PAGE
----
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Royal Dutch Shell Plc’s Profits Slump In 2013

The share price of Shell (LSE: RDSB) (NYSE: RDS.B.US) was flat during early trading this morning after the firm announced profits fell to $16.8bn from $27bn in 2012. Shell’s struggles have been well documented and a profit warning was announced in January. The shares have lagged the wider market over the last 12 months, falling 1.5%.

In response Shell is cutting upstream spending in America by 20%, with the firm re-evaluating its shale operations, which it now sees as an opportunity for the longer term.

royal dutch shellTo bolster its capital strength the oil producer has embarked on a programme of asset sales that could deliver $15bn by 2015.

Shell produced less 3.2m barrels of oil equivalent a day in 2013, while sales of liquefied natural gas totalled nearly 20m tonnes. Both these figures fell below 2012 levels.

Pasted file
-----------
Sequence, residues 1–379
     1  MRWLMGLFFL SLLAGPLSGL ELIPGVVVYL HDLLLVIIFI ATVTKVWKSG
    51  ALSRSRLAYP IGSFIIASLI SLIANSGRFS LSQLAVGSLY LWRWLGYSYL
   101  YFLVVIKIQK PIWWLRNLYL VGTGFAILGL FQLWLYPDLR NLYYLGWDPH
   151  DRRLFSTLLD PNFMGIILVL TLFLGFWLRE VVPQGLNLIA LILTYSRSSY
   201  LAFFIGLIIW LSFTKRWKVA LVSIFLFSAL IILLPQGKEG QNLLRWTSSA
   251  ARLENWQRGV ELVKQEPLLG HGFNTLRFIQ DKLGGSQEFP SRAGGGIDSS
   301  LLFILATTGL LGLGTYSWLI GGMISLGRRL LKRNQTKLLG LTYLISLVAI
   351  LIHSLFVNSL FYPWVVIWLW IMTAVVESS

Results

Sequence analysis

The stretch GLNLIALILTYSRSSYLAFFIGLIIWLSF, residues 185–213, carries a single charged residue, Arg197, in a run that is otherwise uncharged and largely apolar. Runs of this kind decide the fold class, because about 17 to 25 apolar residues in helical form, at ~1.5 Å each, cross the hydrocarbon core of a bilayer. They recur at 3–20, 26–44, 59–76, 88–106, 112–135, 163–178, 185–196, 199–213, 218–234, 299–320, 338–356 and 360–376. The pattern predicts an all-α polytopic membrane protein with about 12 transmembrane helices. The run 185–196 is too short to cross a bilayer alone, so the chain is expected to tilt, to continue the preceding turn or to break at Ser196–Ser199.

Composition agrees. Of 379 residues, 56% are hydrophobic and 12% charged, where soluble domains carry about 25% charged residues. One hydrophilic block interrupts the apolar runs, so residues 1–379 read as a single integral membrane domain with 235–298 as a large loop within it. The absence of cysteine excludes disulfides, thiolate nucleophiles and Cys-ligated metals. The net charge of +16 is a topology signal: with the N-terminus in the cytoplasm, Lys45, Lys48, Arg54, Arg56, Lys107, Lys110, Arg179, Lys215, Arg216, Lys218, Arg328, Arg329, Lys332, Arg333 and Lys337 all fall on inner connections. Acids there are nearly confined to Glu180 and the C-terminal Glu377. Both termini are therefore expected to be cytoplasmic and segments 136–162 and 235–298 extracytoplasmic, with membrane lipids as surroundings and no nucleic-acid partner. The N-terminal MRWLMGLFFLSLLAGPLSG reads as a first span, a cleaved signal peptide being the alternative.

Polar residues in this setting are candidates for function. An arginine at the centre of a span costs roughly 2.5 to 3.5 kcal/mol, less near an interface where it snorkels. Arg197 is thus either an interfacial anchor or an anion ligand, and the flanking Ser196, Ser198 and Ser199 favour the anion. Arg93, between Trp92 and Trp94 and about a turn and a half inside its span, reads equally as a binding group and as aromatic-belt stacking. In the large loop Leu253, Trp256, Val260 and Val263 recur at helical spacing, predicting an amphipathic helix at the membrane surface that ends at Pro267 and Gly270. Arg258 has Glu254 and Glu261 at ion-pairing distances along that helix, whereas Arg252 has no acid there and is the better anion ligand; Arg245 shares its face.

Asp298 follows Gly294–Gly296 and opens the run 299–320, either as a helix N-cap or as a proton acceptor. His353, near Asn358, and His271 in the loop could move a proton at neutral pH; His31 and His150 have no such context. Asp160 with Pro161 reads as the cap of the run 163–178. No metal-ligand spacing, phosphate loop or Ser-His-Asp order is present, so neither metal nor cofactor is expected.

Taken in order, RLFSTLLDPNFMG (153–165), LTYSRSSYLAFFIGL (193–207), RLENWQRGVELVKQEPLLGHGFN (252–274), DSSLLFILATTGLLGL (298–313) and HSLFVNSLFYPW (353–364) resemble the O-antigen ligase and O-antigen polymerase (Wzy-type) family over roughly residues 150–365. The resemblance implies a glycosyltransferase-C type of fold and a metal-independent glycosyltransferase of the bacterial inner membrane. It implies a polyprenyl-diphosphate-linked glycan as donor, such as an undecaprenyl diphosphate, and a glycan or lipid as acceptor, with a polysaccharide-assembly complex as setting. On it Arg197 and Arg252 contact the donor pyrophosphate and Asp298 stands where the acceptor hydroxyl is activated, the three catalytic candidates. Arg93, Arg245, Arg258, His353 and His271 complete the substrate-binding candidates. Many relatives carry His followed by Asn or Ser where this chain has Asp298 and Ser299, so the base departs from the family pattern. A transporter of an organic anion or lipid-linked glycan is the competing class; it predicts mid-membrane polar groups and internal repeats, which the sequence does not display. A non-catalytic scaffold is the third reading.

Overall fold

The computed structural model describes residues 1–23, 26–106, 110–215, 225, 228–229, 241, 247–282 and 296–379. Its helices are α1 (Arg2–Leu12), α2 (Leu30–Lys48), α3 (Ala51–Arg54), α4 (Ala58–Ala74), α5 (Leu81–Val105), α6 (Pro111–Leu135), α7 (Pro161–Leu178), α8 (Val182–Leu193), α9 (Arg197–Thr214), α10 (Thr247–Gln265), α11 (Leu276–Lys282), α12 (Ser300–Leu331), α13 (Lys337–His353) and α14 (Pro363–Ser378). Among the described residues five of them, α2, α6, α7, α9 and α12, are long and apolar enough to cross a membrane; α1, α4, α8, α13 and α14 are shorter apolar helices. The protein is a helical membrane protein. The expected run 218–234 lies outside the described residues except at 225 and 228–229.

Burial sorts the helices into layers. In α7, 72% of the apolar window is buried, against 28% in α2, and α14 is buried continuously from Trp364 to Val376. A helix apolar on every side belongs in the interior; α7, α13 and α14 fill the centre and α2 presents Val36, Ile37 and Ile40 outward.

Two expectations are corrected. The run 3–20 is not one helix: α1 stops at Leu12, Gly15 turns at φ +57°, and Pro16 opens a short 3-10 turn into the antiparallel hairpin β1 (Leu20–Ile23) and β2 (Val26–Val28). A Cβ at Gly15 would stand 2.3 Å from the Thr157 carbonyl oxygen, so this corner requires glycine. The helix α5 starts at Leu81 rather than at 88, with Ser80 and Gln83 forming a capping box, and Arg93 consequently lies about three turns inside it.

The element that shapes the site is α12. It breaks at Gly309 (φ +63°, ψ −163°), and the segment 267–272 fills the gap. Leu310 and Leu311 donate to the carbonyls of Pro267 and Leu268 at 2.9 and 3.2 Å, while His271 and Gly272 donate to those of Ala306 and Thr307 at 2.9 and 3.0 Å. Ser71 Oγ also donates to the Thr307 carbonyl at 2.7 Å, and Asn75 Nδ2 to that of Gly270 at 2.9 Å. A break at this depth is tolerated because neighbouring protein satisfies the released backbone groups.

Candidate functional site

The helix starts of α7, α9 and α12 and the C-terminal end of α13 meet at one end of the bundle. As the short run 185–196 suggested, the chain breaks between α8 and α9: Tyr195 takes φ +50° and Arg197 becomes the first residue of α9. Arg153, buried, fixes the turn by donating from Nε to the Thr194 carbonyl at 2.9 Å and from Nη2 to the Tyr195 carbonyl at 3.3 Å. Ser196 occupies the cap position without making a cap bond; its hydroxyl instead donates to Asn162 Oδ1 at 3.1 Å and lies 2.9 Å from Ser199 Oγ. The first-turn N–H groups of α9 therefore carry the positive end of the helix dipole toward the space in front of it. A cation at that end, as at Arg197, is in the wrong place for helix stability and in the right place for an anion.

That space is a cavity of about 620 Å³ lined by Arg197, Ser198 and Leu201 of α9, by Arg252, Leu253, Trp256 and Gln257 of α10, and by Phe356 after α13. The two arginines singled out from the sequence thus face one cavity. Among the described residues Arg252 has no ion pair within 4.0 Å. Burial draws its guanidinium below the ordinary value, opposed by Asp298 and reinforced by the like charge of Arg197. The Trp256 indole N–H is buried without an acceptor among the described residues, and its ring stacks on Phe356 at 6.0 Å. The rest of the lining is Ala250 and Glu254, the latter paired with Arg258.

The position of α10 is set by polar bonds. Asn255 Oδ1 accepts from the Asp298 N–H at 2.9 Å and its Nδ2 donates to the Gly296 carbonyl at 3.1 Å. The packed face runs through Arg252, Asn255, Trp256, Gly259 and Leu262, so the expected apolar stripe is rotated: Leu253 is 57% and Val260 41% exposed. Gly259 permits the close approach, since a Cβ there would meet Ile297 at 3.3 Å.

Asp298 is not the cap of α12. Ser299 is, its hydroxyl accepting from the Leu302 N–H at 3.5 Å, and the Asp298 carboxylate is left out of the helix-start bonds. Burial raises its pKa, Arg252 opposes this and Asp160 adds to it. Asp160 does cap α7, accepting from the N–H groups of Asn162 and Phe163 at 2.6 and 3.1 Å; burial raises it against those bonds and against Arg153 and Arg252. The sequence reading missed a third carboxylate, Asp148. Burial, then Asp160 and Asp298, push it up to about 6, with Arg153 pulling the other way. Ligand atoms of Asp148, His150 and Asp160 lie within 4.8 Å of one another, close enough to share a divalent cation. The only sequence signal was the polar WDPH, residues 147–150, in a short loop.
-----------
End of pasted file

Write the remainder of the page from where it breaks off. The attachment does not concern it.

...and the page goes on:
The chief executive, Ben van Beurden, commented:

“Our strategy remains robust, but 2014 will signal a change of emphasis. We will concentrate on improving returns and cash flow performance, with a focus on three main priorities: improving our financial performance, including restructuring our Oil products and North American shale oil and gas businesses; enhancing our capital efficiency; and maintaining our strong track record of delivering new projects, while integrating our recent acquisitions.”

“These will not only be the foundation of our future competitiveness, but also help to supply the world’s growing energy needs.”

Shell is committed to a progressive dividend policy and its full year dividend came in at 108p, or a yield of 4.9% at today’s share price. Shares in Shell may trade on a forward P/E of 10 based on earnings projections for 2014.

Of course, the decision to buy — based on those ratings, today’s results and the wider prospects for the oil and gas sector — remains your decision.

While oil companies like Shell offer some of the highest yields around, it's important to remember to diversify, and not let your portfolio become overweight in any one sector. 

Our free report "How To Create Dividends For Life" contains all you need to know about making the most from your income stocks.

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Mark does not own shares in Shell.